Registered investment advisor firms are in various stages of complying with the Securities and Exchange Commission’s new marketing rule and preparing to benefit from it.

The new marketing rule — which has a compliance deadline of November 4 — has been top of mind for the compliance staff of RIA firms. Around 78% of compliance staff at 425 RIA firms surveyed by the Investment Adviser Association have said it’s the “hottest” compliance topic they face so far this year.

The new rule allows advisors to share testimonials and endorsements as well as use third-party ratings and hypothetical performance.

It prohibits certain practices, such as making untrue statements or omitting material facts, discussing possible benefits without covering corresponding risks, including or excluding performance results in a way that’s not fair and balanced, or giving out materially misleading information.

Preparing for this new rule takes time, says Matt Seitz, chief marketing officer at wealth and tax planning company JL Smith. The company offers financial planning and advisory services through Prosperity Capital Advisors.

“[There] are more tools in the toolbox” for client engagement, according to Seitz, who worked with the company’s chief compliance officer who “put together a whole project plan on taking it piece by piece.” The comprehension and preparations have also included attending webinars and speaking with lawyers, he said.

JL Smith is focusing on using testimonials and endorsements, Seitz said, noting that the company hasn’t solicited any from clients, but clients have been sending them anyway.

The new rule permits the use of testimonials and endorsements, subject to compliance with the disclosure, oversight and written agreement, and disqualification, according to the Wagner Law Group.

The biggest compliance challenge for JL Smith is supervision, specifically regarding the use of third-party ratings, according to Seitz.

Content in a site that houses third-party ratings, for example, would be “constantly changing and evolving, as people are adding, editing the reviews,” Seitz said. “I think that is going to be a toll from a supervision aspect for compliance departments.”

Edelman Financial Engines plans to offer clients the opportunity to tell their stories in “less transactional, more personal ways,” according to Jason Van de Loo, head of wealth planning and marketing at the company.

The company has been ranked highly by certain third parties, but the company has “always felt like it's difficult to tell that story because of some of the handcuffs” placed on what’s permissible in communications or marketing, Van de Loo said.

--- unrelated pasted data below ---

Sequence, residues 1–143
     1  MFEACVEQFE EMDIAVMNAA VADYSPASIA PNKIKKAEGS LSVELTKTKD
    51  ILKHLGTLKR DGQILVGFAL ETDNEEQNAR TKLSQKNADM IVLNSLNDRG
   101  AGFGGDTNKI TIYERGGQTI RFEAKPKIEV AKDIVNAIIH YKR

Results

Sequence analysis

The new rule will remove those handcuffs. “[W]e're excited to be able to be a little bit more creative and give our clients the opportunity to express in their own words how they feel about their relationship with us,” Van de Loo said.

Meanwhile, Edelman is streamlining information on its website and social media, according to Joe Loparco, the firm’s head of external communications.

Advisors’ use of LinkedIn, Facebook, Twitter, YouTube and Instagram has been rising in recent years, with the use of LinkedIn having been the most pervasive, according to a report from the Investment Adviser Association and National Regulatory Services.

Mark Matson, founder and chief executive officer of RIA firm Matson Money, has created a master list of “old materials that need to be scrubbed and redone” and a list of the things the company has wanted to do and “are now possible” because of the new rule.

While Matson is confident his firm will meet the compliance deadline, he believes smaller RIA firms may be facing more challenges because there’s “lot of red tape to jump through” and “smaller firms are going to get eaten up with legal expenses.”

Matson said the new rule is a “mess” and there’s a lot of “confusion” about what some of the provisions mean, such as the “fair and balanced” component of the rule.

“[I]f you show a report that says stock picking doesn’t work, do you have to show another report that says stock picking does work even if you don’t believe the validity of the report?” he asked.

Matson expects some of that confusion to be cleared up with enforcement or court cases, and until such time that they are cleared up, “a lot of people are going to be fumbling around in the dark again.”

Carson Group has updated its partner resources, including its “Communications with the Public” guide, according to Don Slaughter, compliance manager at the company. That guide provides Carson Group’s partner offices with guidance on marketing communications to current and prospective clients.

The company’s ad review compliance team is working to provide partner offices with a summary of the rule and best practices before the compliance deadline, according to Slaughter.

Slaughter notes that the new rule is medium-agnostic whereas the old rule was specific to written communications.

Compliance issues aside, advisors believe that when done right, using the new engagement tools available to them through the marketing rule will benefit their relationships with clients and the ability to attract new ones.

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